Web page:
Mandelbrot, Mushy Meatloaf and WWII War Effort Recipes

My brothers don’t remember my mother’s war effort dinner: broiled baked beans, American cheese and bacon open-faced sandwiches—high in protein, low in cost. But I remember, and I loved them.

I also loved her mushy meatloaf that was more oats than meat. My brothers do recall the meatloaf and their dislike of the dish. We all remember buttered toast mixed with a soft-boiled egg when we were sick and lining up for the soup spoon-sized helpings of cod liver oil that mom gave us to keep us healthy. 

What we all remember and all love, including everyone’s children and grandchildren, is her

Mandelbrot—especially her chocolate chip variation. When she was alive, it was a treasured surprise when it arrived at college dorm rooms, newly-wed apartments, or Jewish holidays. Over the years, it was the source of hot debate with cousins. Each claimed that their mothers made the best Mandelbrot. No way! Even Aunt Jerri’s toasted almond cookies weren’t close.

The pandemic has made cooks of many of us. We’ve become shut-ins looking for a tasty treat to brighten the day. So here is to us. Share it, enjoy it, and remember GG. I do.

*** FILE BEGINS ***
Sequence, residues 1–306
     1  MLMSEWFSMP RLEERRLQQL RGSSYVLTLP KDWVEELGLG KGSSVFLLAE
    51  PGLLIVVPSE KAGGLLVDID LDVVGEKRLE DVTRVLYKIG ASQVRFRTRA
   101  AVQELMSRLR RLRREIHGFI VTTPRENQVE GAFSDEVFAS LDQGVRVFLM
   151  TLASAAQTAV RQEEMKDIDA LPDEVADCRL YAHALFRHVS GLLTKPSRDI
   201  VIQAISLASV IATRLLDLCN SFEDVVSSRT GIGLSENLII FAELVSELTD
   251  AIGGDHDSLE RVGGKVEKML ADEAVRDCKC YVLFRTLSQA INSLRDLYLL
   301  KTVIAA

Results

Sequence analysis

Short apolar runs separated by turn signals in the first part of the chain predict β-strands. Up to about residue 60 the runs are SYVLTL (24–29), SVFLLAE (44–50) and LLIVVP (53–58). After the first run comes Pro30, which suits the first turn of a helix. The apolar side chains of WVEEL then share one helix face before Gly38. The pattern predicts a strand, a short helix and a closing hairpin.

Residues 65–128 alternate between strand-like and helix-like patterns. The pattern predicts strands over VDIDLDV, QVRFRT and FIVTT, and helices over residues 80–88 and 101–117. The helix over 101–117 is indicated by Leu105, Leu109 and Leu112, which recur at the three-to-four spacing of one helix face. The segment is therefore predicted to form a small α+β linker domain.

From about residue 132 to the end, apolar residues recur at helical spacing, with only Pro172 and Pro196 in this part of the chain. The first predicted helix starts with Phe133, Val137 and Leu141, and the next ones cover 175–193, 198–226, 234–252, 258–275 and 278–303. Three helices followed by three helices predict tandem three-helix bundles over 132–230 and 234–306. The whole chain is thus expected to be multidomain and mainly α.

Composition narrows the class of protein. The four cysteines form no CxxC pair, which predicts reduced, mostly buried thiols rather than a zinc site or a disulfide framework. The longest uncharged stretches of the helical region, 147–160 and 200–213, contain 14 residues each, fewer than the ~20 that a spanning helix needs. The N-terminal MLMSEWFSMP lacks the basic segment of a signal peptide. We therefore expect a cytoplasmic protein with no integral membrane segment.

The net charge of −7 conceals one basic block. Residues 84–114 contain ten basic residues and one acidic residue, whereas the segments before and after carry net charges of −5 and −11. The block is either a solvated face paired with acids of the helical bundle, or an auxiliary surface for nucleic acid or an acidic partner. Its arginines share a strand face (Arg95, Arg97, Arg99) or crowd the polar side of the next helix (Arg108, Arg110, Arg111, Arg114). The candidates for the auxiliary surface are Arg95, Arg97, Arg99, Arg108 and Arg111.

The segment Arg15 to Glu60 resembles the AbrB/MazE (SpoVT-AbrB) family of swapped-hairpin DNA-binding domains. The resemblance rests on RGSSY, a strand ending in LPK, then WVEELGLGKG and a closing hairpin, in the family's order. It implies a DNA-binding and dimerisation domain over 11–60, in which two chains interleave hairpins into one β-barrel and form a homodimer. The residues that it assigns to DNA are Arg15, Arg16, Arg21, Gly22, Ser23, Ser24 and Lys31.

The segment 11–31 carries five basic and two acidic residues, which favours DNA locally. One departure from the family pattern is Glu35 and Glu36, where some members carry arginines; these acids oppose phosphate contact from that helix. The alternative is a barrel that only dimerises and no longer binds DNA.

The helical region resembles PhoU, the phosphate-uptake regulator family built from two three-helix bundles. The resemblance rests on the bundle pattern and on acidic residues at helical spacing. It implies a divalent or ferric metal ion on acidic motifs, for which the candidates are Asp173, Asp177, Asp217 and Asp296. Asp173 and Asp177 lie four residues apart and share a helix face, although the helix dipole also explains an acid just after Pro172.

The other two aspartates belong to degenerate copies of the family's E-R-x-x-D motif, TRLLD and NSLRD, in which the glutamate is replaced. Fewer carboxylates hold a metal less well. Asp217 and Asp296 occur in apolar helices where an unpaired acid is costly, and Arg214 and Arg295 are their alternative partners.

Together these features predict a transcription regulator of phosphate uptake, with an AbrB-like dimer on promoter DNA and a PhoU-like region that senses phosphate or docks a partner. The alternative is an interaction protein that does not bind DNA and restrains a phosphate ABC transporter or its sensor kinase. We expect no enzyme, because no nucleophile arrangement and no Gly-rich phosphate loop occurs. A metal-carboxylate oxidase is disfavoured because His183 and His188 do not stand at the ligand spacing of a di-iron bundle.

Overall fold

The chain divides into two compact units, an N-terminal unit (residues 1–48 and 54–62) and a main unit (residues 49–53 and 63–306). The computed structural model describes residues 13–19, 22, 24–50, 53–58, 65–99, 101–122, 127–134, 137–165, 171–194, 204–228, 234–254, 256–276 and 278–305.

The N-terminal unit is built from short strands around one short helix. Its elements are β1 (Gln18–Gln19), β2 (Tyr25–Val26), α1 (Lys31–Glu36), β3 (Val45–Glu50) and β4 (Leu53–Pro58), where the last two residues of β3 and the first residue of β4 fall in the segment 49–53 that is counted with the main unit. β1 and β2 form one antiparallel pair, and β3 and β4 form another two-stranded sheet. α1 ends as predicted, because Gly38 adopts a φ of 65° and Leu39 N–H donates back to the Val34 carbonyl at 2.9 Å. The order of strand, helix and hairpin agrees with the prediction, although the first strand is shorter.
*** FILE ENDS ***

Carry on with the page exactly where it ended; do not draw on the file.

Mandelbrot (aka Mandel Bread)

4 cups flour

½ cup oil

1 tsp. vanilla

1 heaping tsp. baking powder

1 cup sugar

4 eggs and a pinch of salt

¼ cup orange juice or water

½ 12-ounce package of chocolate chips or chopped nuts

Sift flour, baking powder, and salt into a bowl. Beat sugar and eggs in another bowl; add oil, vanilla, and liquid; beat well.

Add flour mixture a cup at a time. Mix thoroughly. Empty bowl onto a floured board and knead well. Add enough flour to make dough easy to handle. Divide dough into 8 rolls, about 1 inch high and 2 inches wide. (Rolls should be long and shaped like a hot dog roll. Don’t worry if the size is a bit different.)

Bake on a greased cookie sheet in a 350-degree oven for about 20 minutes. (Mom usually checked after 10 minutes, and then put the tray one shelf higher in the oven.) Slice rolls immediately after removing from the oven. Cookies should be about 1 inch thick.

Published by Carole J. Garrison

I’m a conversationalist, an observer, a passionate participant in life. And now, in my later years, I’m a recorder of the lessons of my life through essays, stories, and novels. I live in the fourth moment of life, just outside the normal distribution of most people and it is from this place that I write.

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